Courtesy of Roberto Nencini / Alamy

Set just back from the refreshing rollers of the Mediterranean, Suvereto continues to reign as one of Tuscany’s most handsome little towns. It’s located between the forests of Livorno Province, which roll out westward into the rugged hills of Campiglia Marittima and eastward toward the pastures and olive groves of the Marsiliana Reserve. Travertine and rough-hewn stone buildings dominate the town’s centre, crowned by an early-Renaissance castle covered in creeping vines and spotted with lichen. In the middle of it all runs Via Matteotti, a street populated by slow-food gourmet joints, cellar doors and fascinating porticos from beginning to end.

Fosdinovo, for a dramatic hillside setting

Architectural Landmark

Terracotta rooftops and stone buildings on the hilltop town of Fosdinovo, with mountains in the background
Courtesy of Universal Images Group North America LLC / DeAgostini / Alamy Stock Photo

Cresting the hillsides of Massa and Carrara, Fosdinovo appears as a dash of brownstone and terracotta against the fir and olive forests of the Apuan Alps. At its heart stands the mighty and formidable outline of the Malaspina Castle of Fosdinovo, which has dominated the skyline since the 12th century. In the distance, the Tyrrhenian Sea marks the end of the Tuscan lands, while a cascade of stuccoed storeys and stone buildings clutch the rocks all around the ancient citadel. In essence, Fosdinovo is a town of pure drama and classic Italian charm.

Barga, for a unique Scottish cultural twist

Architectural Landmark

Pastel-coloured buildings with green shutters and brown rooftops, and the cathedral tower, in the town of Barga
Courtesy of Andrew Duke / Alamy Stock Photo

In the shadow of the great Pania Della Croce, Barga pokes above the Tuscan highlands. The town’s mighty Duomo and the yellow and beige faces of its old Renaissance manors are set in stark contrast to the alpine hills behind. Rustic beauty flows through the streets and piazzas, while a curious Scottish character is also palpable in the town’s annual Sagra del Pesce e Patate (Fish and Chips Festival) – with anachronistic red telephone boxes peppering the corners.

Pitigliano, for a town rising from the rock

Architectural Landmark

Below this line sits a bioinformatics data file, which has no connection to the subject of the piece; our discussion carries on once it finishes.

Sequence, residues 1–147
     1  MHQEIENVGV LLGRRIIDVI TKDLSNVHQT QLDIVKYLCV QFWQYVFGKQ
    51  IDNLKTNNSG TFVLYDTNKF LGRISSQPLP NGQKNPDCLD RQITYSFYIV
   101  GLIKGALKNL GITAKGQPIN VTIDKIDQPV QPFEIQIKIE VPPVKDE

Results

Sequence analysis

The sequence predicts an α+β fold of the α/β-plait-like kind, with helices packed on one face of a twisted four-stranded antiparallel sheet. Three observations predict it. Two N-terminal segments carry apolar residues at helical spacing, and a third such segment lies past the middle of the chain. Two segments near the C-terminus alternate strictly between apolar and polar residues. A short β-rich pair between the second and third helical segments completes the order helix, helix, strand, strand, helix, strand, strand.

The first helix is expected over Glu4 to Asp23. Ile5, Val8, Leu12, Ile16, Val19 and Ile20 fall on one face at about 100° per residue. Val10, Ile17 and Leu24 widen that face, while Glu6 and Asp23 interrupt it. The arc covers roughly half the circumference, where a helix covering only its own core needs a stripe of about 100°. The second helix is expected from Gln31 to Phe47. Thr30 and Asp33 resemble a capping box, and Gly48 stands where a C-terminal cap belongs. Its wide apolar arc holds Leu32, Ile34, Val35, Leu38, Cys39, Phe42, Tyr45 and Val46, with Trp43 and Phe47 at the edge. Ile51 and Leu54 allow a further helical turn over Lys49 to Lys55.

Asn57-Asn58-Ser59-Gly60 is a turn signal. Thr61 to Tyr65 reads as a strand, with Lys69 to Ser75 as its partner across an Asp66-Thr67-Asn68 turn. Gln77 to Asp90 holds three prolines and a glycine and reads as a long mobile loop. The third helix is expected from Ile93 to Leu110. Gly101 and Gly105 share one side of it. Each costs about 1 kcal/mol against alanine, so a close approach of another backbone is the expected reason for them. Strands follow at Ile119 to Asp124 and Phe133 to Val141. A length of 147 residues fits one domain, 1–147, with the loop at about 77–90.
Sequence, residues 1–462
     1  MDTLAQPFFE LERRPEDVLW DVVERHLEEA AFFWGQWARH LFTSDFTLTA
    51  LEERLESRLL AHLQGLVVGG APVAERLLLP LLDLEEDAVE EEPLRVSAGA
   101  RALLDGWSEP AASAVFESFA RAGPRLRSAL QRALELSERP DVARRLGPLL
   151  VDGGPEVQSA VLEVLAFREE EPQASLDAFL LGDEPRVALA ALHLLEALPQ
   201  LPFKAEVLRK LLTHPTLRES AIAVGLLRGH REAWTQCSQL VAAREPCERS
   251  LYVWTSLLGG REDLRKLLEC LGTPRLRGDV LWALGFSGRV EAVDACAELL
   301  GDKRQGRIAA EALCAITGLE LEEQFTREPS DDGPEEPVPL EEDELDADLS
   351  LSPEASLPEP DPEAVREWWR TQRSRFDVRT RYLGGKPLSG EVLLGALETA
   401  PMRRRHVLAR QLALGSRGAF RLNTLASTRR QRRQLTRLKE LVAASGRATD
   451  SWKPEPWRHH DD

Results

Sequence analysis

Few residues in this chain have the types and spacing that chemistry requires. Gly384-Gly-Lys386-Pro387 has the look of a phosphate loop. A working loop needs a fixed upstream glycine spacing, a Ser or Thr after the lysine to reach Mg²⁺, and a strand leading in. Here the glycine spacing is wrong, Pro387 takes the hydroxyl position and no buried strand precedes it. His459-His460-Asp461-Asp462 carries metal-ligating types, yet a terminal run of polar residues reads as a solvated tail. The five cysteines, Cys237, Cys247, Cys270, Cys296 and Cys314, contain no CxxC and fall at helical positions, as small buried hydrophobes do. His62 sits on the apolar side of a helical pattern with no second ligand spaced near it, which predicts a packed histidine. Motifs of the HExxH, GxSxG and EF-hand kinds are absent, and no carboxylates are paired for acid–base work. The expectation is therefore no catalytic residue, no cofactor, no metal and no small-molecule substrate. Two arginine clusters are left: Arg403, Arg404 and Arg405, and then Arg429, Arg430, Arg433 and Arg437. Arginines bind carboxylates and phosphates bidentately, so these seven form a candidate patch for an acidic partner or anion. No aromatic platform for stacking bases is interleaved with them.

The buildings of Pitigliano, with a stone wall around the town, surrounded by trees
Courtesy of Hemis / Alamy Stock Photo

Pitigliano rises vertically from its own sheer-cut bluff in the middle of the borderlands between Tuscany and Lazio. It stands firm and tall, as some kind of organic extension from the tufa rock bowls below – chiselled out from the monolith by the Etruscans, dusted off by the Romans and crowned with the wealth of the Orsini family. In the centre, up top, winding cobblestone streets dip and duck under archways and cascades of bougainvillaea, while shadowy stairways lead to the front of enchanting synagogues – a famous feature of this town. Time your visit to coincide with one of the traditional festivals that erupt on the Piazza Garibaldi.

Monteriggioni, for the historic stone walls around the town

Architectural Landmark

Historic stone buildings and a park with trees in the medieval town of Monteriggioni, Tuscany
Courtesy of Zoonar / Alamy Stock Photo

To pass under the concentric walls of Monteriggioni is to journey back in time to where the two great Tuscan forces – Siena and Florence – were battling for control of the region’s heart. As a testimony to its place on the front line of contact between these two historic city-states, the entire town centre is encased in a 1,870ft-long (570m) bulwark of stone. Built in the 13th century, the wall still marks the boundary between Monteriggioni’s inner sanctum of sun-splashed piazzas and flowery trattoria gardens and the olive-dotted hinterland of central Tuscany outside.

Volterra, for a town on the highland ridges

Historical Landmark

Stone buildings and rooftops of the town of Volterra, overlooking the Val di Cecina in Tuscany
Courtesy of Adam Eastland / Alamy Stock Photo

Clinging to the highland ridges of western Tuscany, the town of Volterra cloaks the old homeland of the Etruscans in a patchwork of medieval stone. Built and razed by the Romans, the grand Tuscan dukes and the formidable Medici family, the historic town plays host to ubiquitous basilicas, cobblestone streets, crumbling gateways and red-tiled roofs – while its sporadic piazzas bubble with the mellifluous tones of Italian chatter.

If you have a desire to explore Italy’s many bounties then you’re in luck, we have trips in Venice, Puglia, Sicily, Bologna and along the Amalfi Coast.